One of the hardest challenges for data professionals is to get their projects authorised and funded. Without doing so, proposals which could unlock an incredible amount of value are left abandoned in pptx documents.
Here are five pointers to help you on your way:
It is vital to understand who the decision makers are and what influences those decisions.
The presentation to committee or (worse) by email should not be the first time that these decision makers come across your proposal. They should already have an awareness of what you want to achieve, why, and the approximate level of investment required.
There are three outcomes that make the proposal valuable:
- It helps the organisation to make more money.
- It helps the organisation to spend less money.
- It reduces the amount of risk that the organisation is exposed to.
Whether a) or b) are more important to the organisation will be decided by the nature of its business and how it is developing. Is it looking to grow or is it focusing on cost cutting?
The level of focus on risk exposure is increased by regulatory change such as GDPR or CCPA; or an event which occurs at the organisation such as a data breach.
You need to build credibility quickly - you need to show both that data governance can deliver business benefit and also that you are capable of delivering it effectively.
Demonstrate this with a quick win to add value and gain support. You should already be aware of some open challenges and be able to find a suitable one. Don't underestimate the importance of speed - I recommend that you should be delivering an enhancement within no more than two weeks.
Unless there is a specific need to carry out activity (e.g. Improving processes after a breach), then budget holders will be considering the Return on Investment (RoI) against other proposals from across the organisation.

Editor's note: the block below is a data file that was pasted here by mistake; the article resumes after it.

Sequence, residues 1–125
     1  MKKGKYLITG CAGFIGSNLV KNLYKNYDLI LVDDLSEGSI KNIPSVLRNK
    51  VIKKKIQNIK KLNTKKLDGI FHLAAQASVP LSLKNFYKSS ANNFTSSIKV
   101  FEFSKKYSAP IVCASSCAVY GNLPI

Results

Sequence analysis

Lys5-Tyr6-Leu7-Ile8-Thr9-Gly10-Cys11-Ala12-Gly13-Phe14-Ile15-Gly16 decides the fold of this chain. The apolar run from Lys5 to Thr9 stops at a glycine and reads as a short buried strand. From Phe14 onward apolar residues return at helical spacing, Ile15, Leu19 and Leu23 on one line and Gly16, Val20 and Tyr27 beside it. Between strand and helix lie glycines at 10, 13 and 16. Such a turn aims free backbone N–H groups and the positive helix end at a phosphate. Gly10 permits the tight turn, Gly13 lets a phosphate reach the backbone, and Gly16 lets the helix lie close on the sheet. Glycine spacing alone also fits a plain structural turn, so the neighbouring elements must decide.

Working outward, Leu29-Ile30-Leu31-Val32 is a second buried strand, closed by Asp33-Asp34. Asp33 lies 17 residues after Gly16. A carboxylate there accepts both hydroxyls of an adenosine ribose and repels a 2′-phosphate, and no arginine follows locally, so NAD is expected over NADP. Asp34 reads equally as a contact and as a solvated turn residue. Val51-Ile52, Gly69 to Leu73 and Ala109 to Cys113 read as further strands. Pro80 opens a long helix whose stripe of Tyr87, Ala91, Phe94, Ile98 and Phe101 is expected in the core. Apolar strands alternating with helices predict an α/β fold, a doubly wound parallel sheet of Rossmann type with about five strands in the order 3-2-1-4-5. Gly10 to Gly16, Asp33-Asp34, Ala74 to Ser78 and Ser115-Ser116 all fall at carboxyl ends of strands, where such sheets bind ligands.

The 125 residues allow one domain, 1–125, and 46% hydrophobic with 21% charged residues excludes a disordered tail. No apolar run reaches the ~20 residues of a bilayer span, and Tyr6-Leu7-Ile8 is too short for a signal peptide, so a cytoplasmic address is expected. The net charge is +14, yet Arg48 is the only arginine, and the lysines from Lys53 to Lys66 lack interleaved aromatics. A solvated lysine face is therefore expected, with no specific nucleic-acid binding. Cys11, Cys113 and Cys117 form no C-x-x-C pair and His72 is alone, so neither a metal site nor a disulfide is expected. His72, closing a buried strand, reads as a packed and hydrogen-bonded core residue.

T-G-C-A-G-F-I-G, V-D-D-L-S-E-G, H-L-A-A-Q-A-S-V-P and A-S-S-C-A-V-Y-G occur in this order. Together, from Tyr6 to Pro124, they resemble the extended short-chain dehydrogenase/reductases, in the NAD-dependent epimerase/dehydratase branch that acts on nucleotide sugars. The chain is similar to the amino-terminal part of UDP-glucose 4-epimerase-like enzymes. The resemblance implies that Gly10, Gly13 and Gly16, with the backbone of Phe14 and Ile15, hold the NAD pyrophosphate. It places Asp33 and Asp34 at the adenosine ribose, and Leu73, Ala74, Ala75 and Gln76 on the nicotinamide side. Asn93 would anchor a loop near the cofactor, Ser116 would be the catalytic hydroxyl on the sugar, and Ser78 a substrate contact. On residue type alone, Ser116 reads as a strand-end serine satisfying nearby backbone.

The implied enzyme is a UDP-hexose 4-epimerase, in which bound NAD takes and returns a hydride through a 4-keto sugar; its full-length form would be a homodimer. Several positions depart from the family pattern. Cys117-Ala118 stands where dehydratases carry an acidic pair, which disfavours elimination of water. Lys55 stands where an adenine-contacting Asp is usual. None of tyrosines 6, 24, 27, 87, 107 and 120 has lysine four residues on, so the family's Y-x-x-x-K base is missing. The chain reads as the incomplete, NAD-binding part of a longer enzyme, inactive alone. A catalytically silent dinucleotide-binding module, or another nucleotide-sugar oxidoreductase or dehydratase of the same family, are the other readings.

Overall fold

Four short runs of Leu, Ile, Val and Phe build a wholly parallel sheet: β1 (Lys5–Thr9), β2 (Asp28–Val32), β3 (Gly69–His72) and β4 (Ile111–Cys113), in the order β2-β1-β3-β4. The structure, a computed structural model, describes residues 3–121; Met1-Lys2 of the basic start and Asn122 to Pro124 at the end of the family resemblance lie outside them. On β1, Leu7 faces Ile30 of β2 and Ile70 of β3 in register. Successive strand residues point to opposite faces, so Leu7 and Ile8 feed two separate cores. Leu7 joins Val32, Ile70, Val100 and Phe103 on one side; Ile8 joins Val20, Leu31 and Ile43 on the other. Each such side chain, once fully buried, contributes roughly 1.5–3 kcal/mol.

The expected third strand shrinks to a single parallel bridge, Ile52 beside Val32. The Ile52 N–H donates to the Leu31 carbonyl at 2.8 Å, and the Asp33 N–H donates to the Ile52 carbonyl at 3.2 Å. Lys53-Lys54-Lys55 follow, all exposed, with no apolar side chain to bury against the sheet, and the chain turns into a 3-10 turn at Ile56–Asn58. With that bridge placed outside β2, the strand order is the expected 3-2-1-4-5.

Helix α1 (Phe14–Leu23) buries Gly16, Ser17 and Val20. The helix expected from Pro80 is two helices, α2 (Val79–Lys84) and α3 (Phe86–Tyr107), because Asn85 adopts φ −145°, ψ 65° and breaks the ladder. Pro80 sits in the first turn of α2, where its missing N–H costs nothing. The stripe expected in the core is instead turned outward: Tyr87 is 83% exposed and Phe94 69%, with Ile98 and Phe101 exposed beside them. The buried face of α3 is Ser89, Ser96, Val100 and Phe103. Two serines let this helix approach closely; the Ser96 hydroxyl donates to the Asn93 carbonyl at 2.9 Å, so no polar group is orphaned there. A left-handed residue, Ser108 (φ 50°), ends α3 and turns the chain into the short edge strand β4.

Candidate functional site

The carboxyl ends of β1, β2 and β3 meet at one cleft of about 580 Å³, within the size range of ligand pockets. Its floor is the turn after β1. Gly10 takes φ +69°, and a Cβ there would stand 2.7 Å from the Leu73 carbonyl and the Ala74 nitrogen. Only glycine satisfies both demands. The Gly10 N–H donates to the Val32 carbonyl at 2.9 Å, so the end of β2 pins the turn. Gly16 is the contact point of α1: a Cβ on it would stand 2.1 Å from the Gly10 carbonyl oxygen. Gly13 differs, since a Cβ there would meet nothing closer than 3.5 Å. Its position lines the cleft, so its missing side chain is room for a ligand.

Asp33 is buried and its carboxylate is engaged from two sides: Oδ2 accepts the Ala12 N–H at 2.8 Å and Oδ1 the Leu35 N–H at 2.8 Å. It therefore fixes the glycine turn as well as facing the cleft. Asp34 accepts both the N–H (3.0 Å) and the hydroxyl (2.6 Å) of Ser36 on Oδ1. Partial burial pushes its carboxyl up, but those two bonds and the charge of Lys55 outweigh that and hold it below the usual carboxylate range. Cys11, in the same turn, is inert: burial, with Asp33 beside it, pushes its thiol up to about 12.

Can you argue, for example, that your data governance programme is a better use of resources than increasing marketing spend or opening a new business location?
If not, why not?
Gold plating is a common challenge against carrying out the proposed activity. Taking a business glossary as an example, it should be pretty acceptable concept that we should agree what key terms, such as customer, mean. On the other hand, it is hard to justify having an agreed definition for every single concept used across the business.
A helpful approach here is to compare light, medium and heavy proposals - demonstrating how the light (or zero) approach is unsuitable; but also showing how a complete (gold plated) approach is as well. This frames your middle-ground proposal as pragmatic and reasonable.
Each of these pointers is about putting yourself in the position of your stakeholders. Understanding who they are, what they want, and how to make your proposal compelling to them, will make you more successful.